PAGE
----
EC: Fantastic. So now that you centralised your opinion about planning, do you have any second topic to be included in the global agenda that you consider an important priority part of planning?

LS: I think it starts with the plan. Again, what I’ve learned over the last seven years is that it’s not one single aspect of the plan but looking at how the different sectors fit into a system. So, as we’ve discussed, I will soon be moving to the International Atomic Energy Agency where radiotherapy and integration of radiotherapy into existing services is important. So it’s not the procurement of a machine or getting a machine in country, it’s making sure that that’s integrated so that patients that need that radiotherapy are shown how to access the treatment, so that you have appropriate training, so that you have appropriate maintenance schedules. So it’s really a plan but then how does that fit into the system, how does it fit into the primary healthcare system so that patients that present with signs and symptoms of cancer can access the appropriate diagnosis.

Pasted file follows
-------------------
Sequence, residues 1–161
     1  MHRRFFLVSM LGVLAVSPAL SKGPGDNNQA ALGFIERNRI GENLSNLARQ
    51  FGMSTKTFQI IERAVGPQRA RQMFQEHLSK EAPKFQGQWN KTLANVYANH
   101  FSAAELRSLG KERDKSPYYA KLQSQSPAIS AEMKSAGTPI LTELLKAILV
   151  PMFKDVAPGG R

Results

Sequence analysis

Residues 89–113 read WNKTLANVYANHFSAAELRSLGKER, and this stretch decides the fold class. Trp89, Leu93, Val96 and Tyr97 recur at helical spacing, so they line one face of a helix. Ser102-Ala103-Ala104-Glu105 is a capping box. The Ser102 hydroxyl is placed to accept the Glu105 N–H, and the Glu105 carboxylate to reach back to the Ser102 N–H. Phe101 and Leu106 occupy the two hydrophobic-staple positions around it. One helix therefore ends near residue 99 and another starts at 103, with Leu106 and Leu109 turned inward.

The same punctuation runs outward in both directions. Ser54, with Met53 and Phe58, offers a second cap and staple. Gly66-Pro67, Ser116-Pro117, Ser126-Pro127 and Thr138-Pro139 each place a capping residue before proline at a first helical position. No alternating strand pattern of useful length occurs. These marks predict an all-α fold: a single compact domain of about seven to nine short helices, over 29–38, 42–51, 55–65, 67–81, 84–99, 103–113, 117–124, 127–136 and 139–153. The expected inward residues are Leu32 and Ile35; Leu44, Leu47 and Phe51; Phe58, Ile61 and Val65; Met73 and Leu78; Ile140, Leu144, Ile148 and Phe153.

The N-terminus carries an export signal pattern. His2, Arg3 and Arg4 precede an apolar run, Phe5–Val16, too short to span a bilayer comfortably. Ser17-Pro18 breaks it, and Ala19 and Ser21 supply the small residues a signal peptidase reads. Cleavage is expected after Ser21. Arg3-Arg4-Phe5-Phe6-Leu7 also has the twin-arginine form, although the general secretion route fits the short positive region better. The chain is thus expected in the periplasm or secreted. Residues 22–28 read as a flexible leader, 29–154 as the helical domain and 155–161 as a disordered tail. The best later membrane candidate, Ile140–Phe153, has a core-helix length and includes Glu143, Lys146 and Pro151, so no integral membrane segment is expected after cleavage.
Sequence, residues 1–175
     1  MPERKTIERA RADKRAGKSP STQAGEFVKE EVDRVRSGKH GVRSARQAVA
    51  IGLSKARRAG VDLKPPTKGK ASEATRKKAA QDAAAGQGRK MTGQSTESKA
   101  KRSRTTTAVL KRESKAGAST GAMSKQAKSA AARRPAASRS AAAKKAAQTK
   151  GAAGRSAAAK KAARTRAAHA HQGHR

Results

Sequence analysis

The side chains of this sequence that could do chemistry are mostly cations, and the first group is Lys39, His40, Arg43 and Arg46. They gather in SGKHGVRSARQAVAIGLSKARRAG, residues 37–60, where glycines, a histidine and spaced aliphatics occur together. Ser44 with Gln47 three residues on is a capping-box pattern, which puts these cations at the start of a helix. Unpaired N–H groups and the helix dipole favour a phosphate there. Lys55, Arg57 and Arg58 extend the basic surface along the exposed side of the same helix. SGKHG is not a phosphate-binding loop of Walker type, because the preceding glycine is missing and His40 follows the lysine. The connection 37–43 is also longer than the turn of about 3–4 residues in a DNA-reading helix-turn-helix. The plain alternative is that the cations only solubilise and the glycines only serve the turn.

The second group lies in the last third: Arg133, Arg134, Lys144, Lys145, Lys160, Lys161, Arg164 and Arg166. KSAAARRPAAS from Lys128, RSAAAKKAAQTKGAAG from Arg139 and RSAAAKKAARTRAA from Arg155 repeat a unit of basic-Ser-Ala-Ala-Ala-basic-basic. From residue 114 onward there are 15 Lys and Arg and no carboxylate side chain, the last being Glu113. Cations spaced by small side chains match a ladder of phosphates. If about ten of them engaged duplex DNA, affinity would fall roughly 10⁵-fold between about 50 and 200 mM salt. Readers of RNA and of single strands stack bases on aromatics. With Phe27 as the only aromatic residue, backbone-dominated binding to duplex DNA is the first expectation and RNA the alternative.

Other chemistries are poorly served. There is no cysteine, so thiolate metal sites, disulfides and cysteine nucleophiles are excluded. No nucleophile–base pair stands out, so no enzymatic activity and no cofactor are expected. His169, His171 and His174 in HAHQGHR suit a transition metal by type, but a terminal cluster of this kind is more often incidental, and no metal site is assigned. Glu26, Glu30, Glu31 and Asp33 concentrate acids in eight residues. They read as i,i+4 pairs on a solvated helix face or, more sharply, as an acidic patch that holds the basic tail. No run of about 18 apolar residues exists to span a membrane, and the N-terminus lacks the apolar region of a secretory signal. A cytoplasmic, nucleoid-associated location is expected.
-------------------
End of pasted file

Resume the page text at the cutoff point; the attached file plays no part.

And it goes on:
EC: So how can you explain to the audience about the need of data before the planning?

LS: Yes. Again, in the cancer continuum you have prevention, early diagnosis, treatment, palliation. However, you need to understand what the burden of cancer is so that the services that a country plans for, if it’s a specific screening programme, match the disease burden. So that’s where cancer registries come in and that’s why we always felt that the International Agency for Research on Cancer was a key partner in this cancer control planning because you need to understand what is your starting point, what is your baseline, what is your burden and, as you begin to implement different programmes, how is that impacting your burden. Is it actually showing a reduction as you implement prevention programmes or screening programmes. So data is key.